Winyah Rivers Foundation (Waccamaw RIVERKEEPER®) has been working to prevent and cleanup pollution from fossil-fueled energy sources like coal and natural gas throughout our watershed. As a licensed member of WATERKEEPER® Alliance, we are proponents of its Clean and Safe Energy Campaign, focusing on shifting away from our reliance on dirty fossil fuels like coal, oil and gas, towards more environmentally sustainable resources.
In North Carolina, we have focused our clean and safe energy efforts on two major pollution sources: 1) coal combustion residuals cleanup at the former W.H. Weatherspoon Steam Electric Generating Station; and 2) prevention of pollution from hydraulically fractured gas and the pipeline proposed to carry “fracked” gas into our watershed. Both have caused, or have the potential to cause, serious harm to the environment, the rivers we are working to protect and the communities that rely on clean water for drinking and recreation.
Coal Ash Cleanup on the Lumber River:
Coal combustion residuals (“coal ash”) from burning coal in power plants have been commonly disposed of in unlined pits adjacent to the plants’ cooling water sources, our rivers. Coal ash toxins (e.g., Arsenic, Lead, Mercury, Chromium, Vanadium) leach into underlying groundwater and pollute aquifers. These toxins also seep into surface water through the earthen berms that purport to contain coal ash and, worse yet, the berms and/or piping breach discharging large quantities of hazardous waste into our rivers.
That was the case with the Tennessee Valley Authority Kingston Fossil Plant coal ash spill in December 2008 and again with Duke Energy’s Dan River coal ash spill in February 2014 near Eden, NC. Both incidents raised our awareness and prompted action from the North Carolina Riverkeepers to address pollution problems with coal ash sites in our watersheds. We were spurred on not only by the evidence of groundwater and surface water pollution but also by our success convincing Santee Cooper to clean up its coal ash mess adjacent to the Waccamaw River in Conway, SC.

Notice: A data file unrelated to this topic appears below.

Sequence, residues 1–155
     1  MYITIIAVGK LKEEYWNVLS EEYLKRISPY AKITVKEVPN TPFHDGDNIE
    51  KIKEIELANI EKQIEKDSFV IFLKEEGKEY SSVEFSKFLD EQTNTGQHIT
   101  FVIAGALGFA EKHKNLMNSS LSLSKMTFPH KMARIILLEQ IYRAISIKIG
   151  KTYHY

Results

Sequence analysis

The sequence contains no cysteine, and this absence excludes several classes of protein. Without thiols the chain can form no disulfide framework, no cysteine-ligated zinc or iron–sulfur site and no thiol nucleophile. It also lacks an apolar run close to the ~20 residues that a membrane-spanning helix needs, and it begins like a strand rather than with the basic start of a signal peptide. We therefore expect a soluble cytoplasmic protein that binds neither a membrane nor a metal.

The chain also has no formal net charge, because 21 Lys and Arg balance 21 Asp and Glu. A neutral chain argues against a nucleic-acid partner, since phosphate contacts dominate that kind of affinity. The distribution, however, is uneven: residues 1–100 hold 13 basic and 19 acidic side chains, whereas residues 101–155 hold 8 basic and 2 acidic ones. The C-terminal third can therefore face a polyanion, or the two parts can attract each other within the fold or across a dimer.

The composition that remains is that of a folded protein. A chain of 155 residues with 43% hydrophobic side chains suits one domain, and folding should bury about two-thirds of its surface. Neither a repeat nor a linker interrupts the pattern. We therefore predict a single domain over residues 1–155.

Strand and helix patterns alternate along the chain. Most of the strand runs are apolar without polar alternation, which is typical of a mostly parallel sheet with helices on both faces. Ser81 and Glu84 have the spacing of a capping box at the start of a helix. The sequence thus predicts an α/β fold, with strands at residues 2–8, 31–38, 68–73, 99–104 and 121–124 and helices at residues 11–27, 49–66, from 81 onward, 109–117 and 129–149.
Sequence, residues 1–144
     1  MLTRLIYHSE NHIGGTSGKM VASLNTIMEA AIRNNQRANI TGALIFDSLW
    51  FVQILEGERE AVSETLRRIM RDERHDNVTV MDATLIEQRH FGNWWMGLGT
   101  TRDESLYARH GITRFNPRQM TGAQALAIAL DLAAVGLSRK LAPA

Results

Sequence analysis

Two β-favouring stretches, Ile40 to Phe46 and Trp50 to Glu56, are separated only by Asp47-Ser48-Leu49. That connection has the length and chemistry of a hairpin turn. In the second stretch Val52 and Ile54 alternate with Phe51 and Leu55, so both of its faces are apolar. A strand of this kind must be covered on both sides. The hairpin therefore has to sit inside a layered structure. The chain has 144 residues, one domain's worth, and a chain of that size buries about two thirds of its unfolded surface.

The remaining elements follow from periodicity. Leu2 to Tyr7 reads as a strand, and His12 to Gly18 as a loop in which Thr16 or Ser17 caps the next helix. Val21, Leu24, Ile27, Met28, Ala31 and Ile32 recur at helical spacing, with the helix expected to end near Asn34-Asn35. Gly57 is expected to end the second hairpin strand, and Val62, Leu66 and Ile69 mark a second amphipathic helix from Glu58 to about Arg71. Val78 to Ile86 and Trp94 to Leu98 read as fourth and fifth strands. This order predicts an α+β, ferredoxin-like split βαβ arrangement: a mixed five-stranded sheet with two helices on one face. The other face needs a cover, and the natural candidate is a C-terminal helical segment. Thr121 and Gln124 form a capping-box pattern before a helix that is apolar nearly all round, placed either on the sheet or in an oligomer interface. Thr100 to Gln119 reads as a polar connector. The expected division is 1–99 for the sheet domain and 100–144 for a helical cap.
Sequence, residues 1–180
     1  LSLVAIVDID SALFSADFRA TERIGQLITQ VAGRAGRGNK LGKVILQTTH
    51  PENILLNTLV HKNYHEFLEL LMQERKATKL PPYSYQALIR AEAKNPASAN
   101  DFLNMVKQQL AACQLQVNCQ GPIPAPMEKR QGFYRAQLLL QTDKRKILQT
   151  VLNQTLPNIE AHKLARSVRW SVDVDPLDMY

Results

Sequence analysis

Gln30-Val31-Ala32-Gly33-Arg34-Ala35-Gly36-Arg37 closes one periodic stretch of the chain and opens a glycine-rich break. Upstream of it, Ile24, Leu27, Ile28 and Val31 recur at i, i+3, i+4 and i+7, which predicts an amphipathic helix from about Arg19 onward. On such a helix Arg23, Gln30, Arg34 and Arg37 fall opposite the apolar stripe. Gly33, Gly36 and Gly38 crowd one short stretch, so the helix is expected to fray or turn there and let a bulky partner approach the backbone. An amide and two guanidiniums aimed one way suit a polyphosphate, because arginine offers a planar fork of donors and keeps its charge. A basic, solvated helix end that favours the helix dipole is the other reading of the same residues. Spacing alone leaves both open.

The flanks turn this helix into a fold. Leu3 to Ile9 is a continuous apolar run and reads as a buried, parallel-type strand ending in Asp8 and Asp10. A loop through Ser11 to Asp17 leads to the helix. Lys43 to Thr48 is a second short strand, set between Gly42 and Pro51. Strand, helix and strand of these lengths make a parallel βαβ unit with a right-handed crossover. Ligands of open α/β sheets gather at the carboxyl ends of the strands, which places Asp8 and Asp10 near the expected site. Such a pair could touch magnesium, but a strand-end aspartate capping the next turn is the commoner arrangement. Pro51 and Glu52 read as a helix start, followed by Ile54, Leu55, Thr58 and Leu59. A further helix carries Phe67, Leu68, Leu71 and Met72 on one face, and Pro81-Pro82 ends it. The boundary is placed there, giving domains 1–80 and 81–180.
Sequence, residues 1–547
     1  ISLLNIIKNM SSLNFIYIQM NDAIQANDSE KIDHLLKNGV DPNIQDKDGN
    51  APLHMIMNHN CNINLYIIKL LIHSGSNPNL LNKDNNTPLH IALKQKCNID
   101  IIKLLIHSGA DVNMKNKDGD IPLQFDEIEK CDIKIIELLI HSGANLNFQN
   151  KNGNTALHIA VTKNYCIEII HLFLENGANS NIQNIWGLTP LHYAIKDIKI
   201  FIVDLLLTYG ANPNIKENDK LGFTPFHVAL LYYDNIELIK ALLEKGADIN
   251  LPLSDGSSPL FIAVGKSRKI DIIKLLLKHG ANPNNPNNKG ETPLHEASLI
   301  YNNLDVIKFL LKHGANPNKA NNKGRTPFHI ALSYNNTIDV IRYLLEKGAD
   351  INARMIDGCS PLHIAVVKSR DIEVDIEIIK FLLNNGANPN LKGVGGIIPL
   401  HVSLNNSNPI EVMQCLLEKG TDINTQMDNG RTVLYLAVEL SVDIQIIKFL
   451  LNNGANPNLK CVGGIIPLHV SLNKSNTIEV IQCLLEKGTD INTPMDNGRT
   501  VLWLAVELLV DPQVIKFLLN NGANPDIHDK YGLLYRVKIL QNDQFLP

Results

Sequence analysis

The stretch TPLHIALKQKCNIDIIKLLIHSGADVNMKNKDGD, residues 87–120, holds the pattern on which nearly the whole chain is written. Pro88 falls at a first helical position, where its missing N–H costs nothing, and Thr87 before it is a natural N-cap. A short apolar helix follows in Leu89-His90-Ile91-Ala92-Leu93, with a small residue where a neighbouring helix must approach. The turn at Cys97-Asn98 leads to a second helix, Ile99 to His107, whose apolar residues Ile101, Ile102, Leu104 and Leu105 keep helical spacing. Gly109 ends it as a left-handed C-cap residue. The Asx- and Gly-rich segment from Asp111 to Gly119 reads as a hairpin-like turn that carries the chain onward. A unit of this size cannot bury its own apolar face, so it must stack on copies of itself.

Located adjacent to the Lumber River was the Weatherspoon plant and its associated coal ash pits. Winyah Rivers and Southern Environmental Law Center took legal action against the NC Department of Environment and Natural Resources (now Department of Environmental Quality) and Duke Energy to force cleanup of the Weatherspoon site. Our lawsuits put legal pressure on DEQ and Duke while our community organizing applied public pressure. Ultimately Duke agreed that the coal ash at Weatherspoon poses a current and future hazard to our river and its downstream communities. As a result, Weatherspoon’s coal ash will be excavated and removed from the site and future threats to the health of the Lumber River and its communities will be eliminated. However, there remains uncertainty regarding the deadline for this cleanup, perhaps as late as 2028, a full 10 years later than an earlier deadline of 2019. We remain vigilant, closely following all of the maneuvering on the part of the state government, NC Department of Environmental Quality, and Duke Energy.
Winyah Rivers remains committed to cleaning up and preventing pollution of our federally designated Wild and Scenic and state designated Natural and Scenic Lumber River. We continue to advocate to keep our rivers fishable, swimmable and drinkable for our families and our future.
FrackFreeNC and the proposed Atlantic Coast Pipeline:
When fracking reared its ugly head in North Carolina, we took notice and partnered with FrackFreeNC to raise awareness within our watershed to the potential for serious environmental harm to our watersheds and our communities. Our activities included community organizing, attending hearings, and commenting on state/federal reports about the environmental impacts of fracking.
When the threat of fracking in NC waned as a result of community opposition and fracking studies, we turned our attention to the potential for construction of a pipeline to bring fracked gas from Pennsylvania and West Virginia through Virginia and into North Carolina. The proposed route of the Atlantic Coast Pipeline impacts the Lumber River watershed, crossing significant and sensitive wetlands and terminating near Pembroke. These wetlands drain into the Lumber upstream of the drinking water supply for the City of Lumberton.
We are raising awareness of the potential for serious environmental harm from this proposed pipeline. Our actions include developing a coalition with anti-pipeline activists and pressuring the Federal Energy Regulatory Commission (FERC) to address its pipeline approval process, particularly its needs assessment and the use of eminent domain by for-profit companies, and to more fully identify environmental impacts associated with pipeline construction, road building and access, and pipeline operations.
The fight continues as we mount various direct and indirect actions against the proposed Atlantic Coast Pipeline with an end goal to stop this unnecessary and risky pipeline.
By stopping the polluting effects of fossil fuel extraction, consumption, transport and disposal, we will protect waterways and communities in North Carolina and support a global economic transition to a no-carbon future that utilizes clean and safe energy.